Advertising supplement provided by
EIFS (Exterior Insulation and Finish
System) is an insulating, decorative and protective finish
system for exterior walls that can be installed on any type
of construction. It is the only exterior wall covering that
insulates and provides weather protection in a selection of
shapes, colors, and textures that can replicate almost any architectural
style or finish material, or stand by itself as an architectural
finish. In 1952, two significant developments took place that
led to the development of EIFS in Europe. The first patent was
granted for expanded polystyrene (EPS) insulation board and
the first synthetic plaster, an organic plaster using water
based binders, was developed. The use of EPS and synthetic resin
materials together began in the late 1950s and in 1963 EIFS
was marketed in Europe. EIFS answered a need in the European
construction market for a material that could insulate older
masonry structures and enhance their appearance. The technology
for EIFS was transferred to the United States in 1969. EIMA1
was formed in 1981 to represent the common interests of the
industry. By 1995 nearly 200 million square feet (18,580,608
m2) of EIFS were being installed annually on exterior walls
in North America. In 1995, the industry suffered a setback when
a number of EIFS clad homes in the Wilmington, North Carolina
area were discovered with moisture damage behind the cladding.
The damage was caused by poor construction detailing and practices,
principally, the omission or improper installation of flashing
in violation of minimum standards of construction set forth
in building codes. A federal and several state class action
lawsuits were filed, only one of which was certified (in the
State of North Carolina). The North Carolina class action was
settled by manufacturers. In the year 2000, EIFSthe next
generation, was launched to propel EIFS into the next century.
Use the following learning objectives
to focus your study while reading this months
ARCHITECTURAL RECORD / AIA Continuing Education article.
After reading this article, you will be able to:
1. Compare traditional EIFS to EIFS/the
2. Describe the main drawback of EIFS/with
traditional moisture protection.
3. Identify construction detailing
to avoid water intrusion problems in EIFS.
A traditional EIFS (Figure 1) is a non-load bearing cladding
and consists of five components: an insulation board, an adhesive
and/or mechanical fastener to attach the insulation board
to a substrate, reinforcing mesh for impact resistance, a
base coat to embed the reinforcing mesh and to provide weather
resistance, and a decorative and protective finish coat. This
is the most popular type of EIFS and is classified as a Class
PB (polymer based) System by EIMA. It is lightweight, easily
accommodates aesthetic features such as decorative trim and
reveals, and, in general, it does not require expansion and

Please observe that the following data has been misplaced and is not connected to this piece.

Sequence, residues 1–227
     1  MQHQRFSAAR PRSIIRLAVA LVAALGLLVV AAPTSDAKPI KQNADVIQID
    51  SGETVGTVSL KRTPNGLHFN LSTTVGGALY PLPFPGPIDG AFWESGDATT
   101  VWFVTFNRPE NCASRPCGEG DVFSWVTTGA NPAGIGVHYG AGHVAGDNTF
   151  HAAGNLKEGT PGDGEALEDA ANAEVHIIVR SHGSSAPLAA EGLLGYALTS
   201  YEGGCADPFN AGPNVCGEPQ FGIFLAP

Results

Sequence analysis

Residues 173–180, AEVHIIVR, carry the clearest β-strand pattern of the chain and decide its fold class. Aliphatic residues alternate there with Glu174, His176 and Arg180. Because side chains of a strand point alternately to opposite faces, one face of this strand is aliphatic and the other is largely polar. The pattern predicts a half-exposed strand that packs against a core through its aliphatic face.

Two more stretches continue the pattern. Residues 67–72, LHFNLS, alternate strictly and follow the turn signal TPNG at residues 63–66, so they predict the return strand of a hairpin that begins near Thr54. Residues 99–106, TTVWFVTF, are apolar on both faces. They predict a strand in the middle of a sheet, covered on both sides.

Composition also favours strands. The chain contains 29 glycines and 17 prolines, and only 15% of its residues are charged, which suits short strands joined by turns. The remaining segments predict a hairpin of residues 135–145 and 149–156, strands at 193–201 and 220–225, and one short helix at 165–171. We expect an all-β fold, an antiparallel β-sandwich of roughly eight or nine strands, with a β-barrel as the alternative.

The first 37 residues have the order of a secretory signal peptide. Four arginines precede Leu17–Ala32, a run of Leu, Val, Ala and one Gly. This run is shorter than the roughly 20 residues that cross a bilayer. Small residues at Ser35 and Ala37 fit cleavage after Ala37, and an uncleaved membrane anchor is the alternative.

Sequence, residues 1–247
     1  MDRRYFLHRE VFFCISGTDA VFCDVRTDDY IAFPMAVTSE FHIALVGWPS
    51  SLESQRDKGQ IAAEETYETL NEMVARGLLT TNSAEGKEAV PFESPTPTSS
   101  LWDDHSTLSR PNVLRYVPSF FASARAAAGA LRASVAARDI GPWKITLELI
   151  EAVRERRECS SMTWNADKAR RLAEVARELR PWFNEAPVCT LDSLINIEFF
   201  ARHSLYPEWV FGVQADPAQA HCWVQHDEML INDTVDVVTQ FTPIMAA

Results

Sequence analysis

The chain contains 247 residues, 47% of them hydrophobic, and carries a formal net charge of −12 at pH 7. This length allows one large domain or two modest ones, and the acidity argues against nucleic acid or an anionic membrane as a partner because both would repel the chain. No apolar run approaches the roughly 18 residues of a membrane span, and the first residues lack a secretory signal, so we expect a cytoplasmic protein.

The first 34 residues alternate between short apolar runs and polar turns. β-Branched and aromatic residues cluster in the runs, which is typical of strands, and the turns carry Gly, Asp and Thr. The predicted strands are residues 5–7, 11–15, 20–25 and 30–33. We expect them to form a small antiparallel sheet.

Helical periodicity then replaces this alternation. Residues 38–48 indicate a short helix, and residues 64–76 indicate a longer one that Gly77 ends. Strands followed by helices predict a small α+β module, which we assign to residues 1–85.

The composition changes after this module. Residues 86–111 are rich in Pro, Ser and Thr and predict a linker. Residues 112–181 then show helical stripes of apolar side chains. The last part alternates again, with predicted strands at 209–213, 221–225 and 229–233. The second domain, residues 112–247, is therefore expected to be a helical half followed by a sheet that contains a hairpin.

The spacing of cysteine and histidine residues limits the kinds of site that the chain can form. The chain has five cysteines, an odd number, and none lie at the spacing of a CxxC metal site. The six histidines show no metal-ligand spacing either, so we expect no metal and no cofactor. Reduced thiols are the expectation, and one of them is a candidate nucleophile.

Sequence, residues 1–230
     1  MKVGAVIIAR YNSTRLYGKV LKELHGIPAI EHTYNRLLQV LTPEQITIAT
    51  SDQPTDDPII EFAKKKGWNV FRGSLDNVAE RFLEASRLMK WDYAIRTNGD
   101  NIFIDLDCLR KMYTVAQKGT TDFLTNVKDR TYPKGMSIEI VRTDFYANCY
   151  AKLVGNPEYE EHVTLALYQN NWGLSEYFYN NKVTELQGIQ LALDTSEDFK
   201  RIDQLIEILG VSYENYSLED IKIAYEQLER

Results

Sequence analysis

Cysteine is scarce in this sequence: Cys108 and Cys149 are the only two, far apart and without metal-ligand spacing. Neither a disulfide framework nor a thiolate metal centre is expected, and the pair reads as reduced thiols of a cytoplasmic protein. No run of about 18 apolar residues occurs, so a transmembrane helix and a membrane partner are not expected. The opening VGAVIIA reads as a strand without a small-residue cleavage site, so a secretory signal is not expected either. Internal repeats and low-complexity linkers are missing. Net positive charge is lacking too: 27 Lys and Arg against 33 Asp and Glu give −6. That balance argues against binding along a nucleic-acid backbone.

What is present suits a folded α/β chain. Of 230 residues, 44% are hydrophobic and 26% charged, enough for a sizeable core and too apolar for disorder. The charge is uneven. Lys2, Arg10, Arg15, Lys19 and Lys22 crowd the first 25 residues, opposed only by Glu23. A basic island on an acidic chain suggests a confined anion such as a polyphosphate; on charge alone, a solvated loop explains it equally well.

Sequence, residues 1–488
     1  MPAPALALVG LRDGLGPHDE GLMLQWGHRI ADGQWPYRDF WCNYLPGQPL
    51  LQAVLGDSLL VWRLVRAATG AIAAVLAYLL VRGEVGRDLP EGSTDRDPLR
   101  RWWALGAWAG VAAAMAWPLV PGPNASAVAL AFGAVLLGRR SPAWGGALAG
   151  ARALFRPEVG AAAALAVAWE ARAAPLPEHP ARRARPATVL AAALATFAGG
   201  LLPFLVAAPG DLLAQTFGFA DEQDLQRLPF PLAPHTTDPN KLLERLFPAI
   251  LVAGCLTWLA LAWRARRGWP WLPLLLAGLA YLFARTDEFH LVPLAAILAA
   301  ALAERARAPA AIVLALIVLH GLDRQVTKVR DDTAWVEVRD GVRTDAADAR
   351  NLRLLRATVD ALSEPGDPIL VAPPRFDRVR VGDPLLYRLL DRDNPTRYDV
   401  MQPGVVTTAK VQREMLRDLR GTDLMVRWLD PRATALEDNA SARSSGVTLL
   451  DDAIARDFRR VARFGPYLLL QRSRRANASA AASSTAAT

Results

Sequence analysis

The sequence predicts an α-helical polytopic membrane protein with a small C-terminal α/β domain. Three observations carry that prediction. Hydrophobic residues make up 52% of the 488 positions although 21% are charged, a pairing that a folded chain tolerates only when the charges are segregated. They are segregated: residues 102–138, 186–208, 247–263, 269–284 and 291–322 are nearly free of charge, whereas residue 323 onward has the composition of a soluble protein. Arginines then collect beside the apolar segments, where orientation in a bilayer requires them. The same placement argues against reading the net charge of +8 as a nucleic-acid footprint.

control joints like conventional stucco or masonry veneer.
Its main limitations are impact resistance, and it is a barrier,
or face seal wall design, which, in tandem with other barrier
componentswindows and sealantsresists water penetration
at its outer surface.
|Figure 1. A Class PB EIFS consists of five components:
adhesive, insulation board, base coat, reinforcing
mesh and finish coat. Together they function as
a decorative and protective insulating wall covering.
EIFS and Building Codes
While EIFS have been in use in the United States for more
than 30 years, they are not explicitly covered in model building
codes. For materials or methods of construction that are not
covered, building codes generally permit the use of alternates
by providing the building code official with the authority
to approve alternates with justification such as testing,
engineering analysis, or some other evidence of compliance
with the intent of the code. Such approval is generally granted
on the basis of evaluation reports written by model code evaluation
services. The evaluation report establishes the method in
which a system or product is to be used, limitations associated
with its use, and that it is an equivalent to the construction
materials/methods of the code. The evaluation report should
always be consulted when considering EIFS as the exterior
wall covering, as it not only provides a means to verify compliance
with the applicable code, but it is also evidence that the
product has been thoroughly tested and evaluated.
To obtain an evaluation report manufacturers must satisfy
numerous criteria published by evaluation services that verify
system durability, structural and fire performance, as well
as compliance with quality control programs. The use of foam
plastic insulation in wall construction, in particular, requires
extensive testing to verify performance. The IBC2 presents
the most comprehensive set of requirements, as it essentially
merges the requirements of other model codes into one book.
The basic requirements for the use of foam plastic in walls
are established in Chapter 26. This includes:
- Separation from the interior.
- Fire performance testing (see Tables 1D and 1E in this
||Figure 2. The photo illustrates
testing in accordance with UBC Standard 26-9. The
test replicates a two story structure with a fire
in an interior compartment and examines lateral
and vertical flame spread. The test is one of many
criteria set forth in model codes to evaluate the
performance of foam plastic-based wall assemblies.
It is one of a series of fire tests that qualifies
EIFS for use on buildings of noncombustible construction.